Design Elements 011
Using the Design Element
These elements are nice little design flourishes and help to elevate the look of a presentation. They can be used to add interest to a slide or as a snazzy way to to structure bulleted text. The design element used in the series example (to the right) is backed by a photograph and has strong visual appeal. This example was produced entirely in PowerPoint – even making the rectangular photo an oval – it's pretty simple (see below for instructions). In addition to the oval, there are also three other shapes in this series for you to use: horizontally oriented rectangle, a triangle, and a hexagon. The ovals and rectangles are perfect for use with photos, and the triangles and hexagons are more for icons and numbers.
Each of these design elements have been developed two ways: one for a light background and one for a dark background. The thumbnail for each will help guide your selections. Be aware, however, that the PowerPoint downloads will have both the horizontal and vertical versions of the design element you select. We do this to help promote consistency in your presentations. We like consistency.
Customizing the design elements
Size the design elements by holding the shift key down to scale. When using multiples, size them together for consistency.
You cannot apply color to these frameworks by selecting fill or line colors. They are PNGs and do not take that type of formatting. If you'd like to add color and you are using a pre-PowerPoint 2007 version, place an colored oval, rectangle, hexagon, or triangle behind the design element as appropriate.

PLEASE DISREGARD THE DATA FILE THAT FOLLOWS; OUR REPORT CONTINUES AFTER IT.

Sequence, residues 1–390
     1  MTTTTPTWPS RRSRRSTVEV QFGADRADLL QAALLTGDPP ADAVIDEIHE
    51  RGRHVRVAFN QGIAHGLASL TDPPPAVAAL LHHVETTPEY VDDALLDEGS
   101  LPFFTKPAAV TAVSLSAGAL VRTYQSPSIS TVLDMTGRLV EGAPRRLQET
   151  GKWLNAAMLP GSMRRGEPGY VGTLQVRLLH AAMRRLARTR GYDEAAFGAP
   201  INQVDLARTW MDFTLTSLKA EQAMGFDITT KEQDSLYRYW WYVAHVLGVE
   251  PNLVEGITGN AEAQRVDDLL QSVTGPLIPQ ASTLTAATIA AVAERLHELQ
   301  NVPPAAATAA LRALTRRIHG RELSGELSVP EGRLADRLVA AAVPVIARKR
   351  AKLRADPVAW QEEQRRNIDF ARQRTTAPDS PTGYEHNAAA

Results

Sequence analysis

If you are using PowerPoint 2007, however, you can change the color by recoloring the design element as a photograph: make the design element active, click on "format," click on "Recolor," and choose your color.
For more on how to color PNG images read the FAQ - How can I recolor the PNGs in the Design Elements Category?
These frameworks cannot accept 3D effects.
Don't use shadows with these design elements.
Gradients, patterns, and pictures
Gradients and patterns cannot be added to these design elements. You can use photographs to back the design elements, however; but they need to be brought in as a separate field instead of applying a picture through formatting in the fill effects menu.
We don't normally provide PowerPoint tutorials, but learning how to create an oval photograph from a rectangular photograph is important to know when using the oval version in this design element series.
First of all, you want to keep this in mind: only a horizontally oriented photograph can be used to produce a horizontally oriented oval. If the orientations are mixed, the photographs will skew and become unusable.
- Identify the photo(s) you wish to convert to ovals and click insert - picture - New Photo Album from the menu (see below).
- Click on File/Disk button and navigate to the photo you wish to make oval. Double click on the photo or select insert.
- In the Album Layout section: choose 4 pictures for picture layout and oval for frame shape and click create at the bottom of the screen.
The picture will show up in a newly created PowerPoint document, from which you can copy the newly "ovalized" photograph into your presentation and size it to fit with the oval design element. Easy.
There is no downloadable animated example for this series. Since it is a design element, which can also be used as a bullet alternative layout, simple reveals are all that are needed.
Animations should be selected that will enhance the meaning of the message, not merely to add interest to the slide. Do not animate the design element separately from the photograph/graphic/text with which it is associated.